Star Runner

“Star Runner” follows the highschool student Bond, whose real passion lies in boxing. He trains in a local gym, hoping to be a part of the team to join the Star Runner fight competition. When his new teacher turns out to be a good looking young woman he immediately falls in love with her. Her desire to know more about, and perhaps help, this young student, turns into something else. The two start to date, despite the gossip that follows.

When Bond is cheated out of his spot in the competition, he quits the team, but finds an unexpected new trainer. With him he learns some new techniques, and enters the Star Runner competitions on his own.

Meanwhile he struggles to make sense of his relationship with Kim, as the big final fight against last years champion Tank grows ever nearer...


Imagine “Dirty Dancing”, with kickboxing instead of dancing, and then you have some idea of what a strange creature this film is.

The story is pretty straightforward, but the first half of the film is quite fragmented, as if the filmmakers decided to cut out some of the touchy feely stuff to get a little quicker to the second and more fight heavy half of the film.

There’s also some strange comic aspects that doesn’t fit too well with the tender drama, and the violent fights, leaving you to wonder just what the hell kind of film this really is.

But I must admit that despite it’s shortcomings, the film gradually grew on me, and in the end I just had to give in. During the final fight I was jumping up and down on the couch.

The technical aspects of the film would have been enough to keep me entertained. The soundtrack is fantastic, and the cinematography is stunning. Great use of backlighting results in some beautiful fight and training sequences.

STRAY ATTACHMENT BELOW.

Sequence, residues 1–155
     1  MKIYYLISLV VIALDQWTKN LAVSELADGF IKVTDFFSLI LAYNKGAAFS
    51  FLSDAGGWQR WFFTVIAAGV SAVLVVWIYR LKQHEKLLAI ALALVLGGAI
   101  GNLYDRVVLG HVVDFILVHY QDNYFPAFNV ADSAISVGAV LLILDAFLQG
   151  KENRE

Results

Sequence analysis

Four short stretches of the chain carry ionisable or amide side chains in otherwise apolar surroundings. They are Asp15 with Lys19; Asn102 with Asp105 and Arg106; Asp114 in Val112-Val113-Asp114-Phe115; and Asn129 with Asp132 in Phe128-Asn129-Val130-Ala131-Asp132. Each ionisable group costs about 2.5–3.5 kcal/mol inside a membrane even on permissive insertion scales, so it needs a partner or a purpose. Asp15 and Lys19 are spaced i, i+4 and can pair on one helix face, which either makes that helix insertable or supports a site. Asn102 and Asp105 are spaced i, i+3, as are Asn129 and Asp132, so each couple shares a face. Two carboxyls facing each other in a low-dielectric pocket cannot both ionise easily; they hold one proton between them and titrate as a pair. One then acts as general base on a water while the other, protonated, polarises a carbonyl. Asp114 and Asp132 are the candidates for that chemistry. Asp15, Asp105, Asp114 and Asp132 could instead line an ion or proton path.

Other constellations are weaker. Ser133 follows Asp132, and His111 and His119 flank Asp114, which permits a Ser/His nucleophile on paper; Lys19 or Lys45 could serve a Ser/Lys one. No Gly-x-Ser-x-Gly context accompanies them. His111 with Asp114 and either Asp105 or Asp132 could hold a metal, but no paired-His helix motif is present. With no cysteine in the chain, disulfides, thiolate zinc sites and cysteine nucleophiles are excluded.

Then there’s the choreography of the fight scenes. In the Star Runner competition any kind of martial art goes - and wrestling too. The camera moves energetically around during the various fights. I dare you not to be exited when the fighters go at it!

“Star Runner” peaks at exactly the right time, and though the final moments seemed a bit rushed to me, the film still left me deeply satisfied. However, I should probably note that when I saw this film I had already seen the trailer several times, and knew the great stuff that was waiting at the end, which meant that I probably gave it more chances than it deserved.

Director Daniel Lee also made the equally satisfying “A Fighter’s Blues” with Andy Lau, which is also highly recommended.
David Bjerre
March 14, 2004

Original Title
Siu Nin A Foo
South Korea
Daniel Lee
- Black Mask (1996)
- A Fighter's Blues (2000)
Vanness Wu
- This is his first film
Kim Hyun-joo
- This is her first film
Andy On
- Black Mask II (2001)
- Looking for Mr. Perfect (2003)
DVD Availability
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